CORPUS CHRISTI, Texas — You’re driving fast on the highway and suddenly get pulled over. It’s a situation that usually frightens most of us, but for those with a disability, getting pulled over can be an even scarier situation.
Gov. Greg Abbott announced the Driving with Disabilities program on Thursday, a program that will train law enforcement through videos on how to communicate with people who have a disability like autism, PTSD, and cerebral palsy.
Alejandro Montes is the clinical supervisor for the Center for Autism and Related Disabilities in Corpus Christi.
The Driving with Disability program will help law enforcement understand the behavior of someone with a disability when they get pulled over.
He said the lights and sirens on a law enforcement officer’s car could instill more fear in the person with the disability than in someone who doesn’t have a disability.
“It doesn’t necessarily mean that they’re being non-compliant or not wanting to interact with the officer. It’s just being aware that that interaction might look completely different,” Montes said.
It’s important for law enforcement to know that some people with a disability might need more time to understand the situation they’re in.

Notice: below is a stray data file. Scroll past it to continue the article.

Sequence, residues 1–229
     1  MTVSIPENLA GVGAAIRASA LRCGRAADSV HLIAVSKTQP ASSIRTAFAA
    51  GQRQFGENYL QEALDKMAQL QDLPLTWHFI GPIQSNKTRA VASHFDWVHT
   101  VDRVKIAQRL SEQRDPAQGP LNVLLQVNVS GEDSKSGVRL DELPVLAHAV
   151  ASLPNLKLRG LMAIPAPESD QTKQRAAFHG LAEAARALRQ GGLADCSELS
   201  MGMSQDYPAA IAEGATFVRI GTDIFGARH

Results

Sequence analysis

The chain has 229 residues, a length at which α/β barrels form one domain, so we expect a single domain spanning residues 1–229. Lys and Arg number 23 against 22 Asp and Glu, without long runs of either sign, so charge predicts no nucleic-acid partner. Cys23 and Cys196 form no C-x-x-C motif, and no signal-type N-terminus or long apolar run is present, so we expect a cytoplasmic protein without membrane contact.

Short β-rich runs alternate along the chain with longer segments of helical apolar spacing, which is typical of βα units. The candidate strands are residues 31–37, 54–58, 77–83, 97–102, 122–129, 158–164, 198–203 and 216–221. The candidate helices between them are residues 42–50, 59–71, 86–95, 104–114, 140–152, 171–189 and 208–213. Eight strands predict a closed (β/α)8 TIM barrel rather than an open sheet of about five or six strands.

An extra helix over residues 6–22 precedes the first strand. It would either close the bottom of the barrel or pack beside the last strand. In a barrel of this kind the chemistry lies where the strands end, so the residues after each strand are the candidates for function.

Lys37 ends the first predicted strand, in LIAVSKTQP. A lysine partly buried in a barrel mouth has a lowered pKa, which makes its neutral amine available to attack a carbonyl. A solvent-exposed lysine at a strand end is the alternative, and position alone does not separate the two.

“Them getting pulled over for the first time might be a very scary scenario for them and that could result in many different things like being anxious, not being able to respond to the officer,” he said.
However, approaching someone’s car when they get pulled over can also be a nerve-wracking experience for an officer.
Officials never know who they are pulling over, so Montes said it’s important for law enforcement to understand the situation before they misinterpret it.
“Keeping like a very simple usual stop from escalating to something else, where now this individual might be getting hurt or might be misunderstood, or avoiding an unnecessary arrest, or someone getting hurt,” he added.
Teaching someone with a disability to drive and prepare to get pulled over can also be beneficial to them if they ever get in that situation.
Rick Hinojosa was a special education teacher for about 25 years. He now owns Hinojosa driving school.
"As far as for driver’s ed, they’ve been some of my best drivers," Hinojosa said.
People with disabilities tend to memorize facts about driving quicker because they repeat them out loud.
He said the new program would change interactions between law enforcement and those with disabilities because it will teach law enforcement to be more patient.
“These kids might be frozen, literally, and not responding to the officer and police officers might get irate with that kind of behavior,” he added.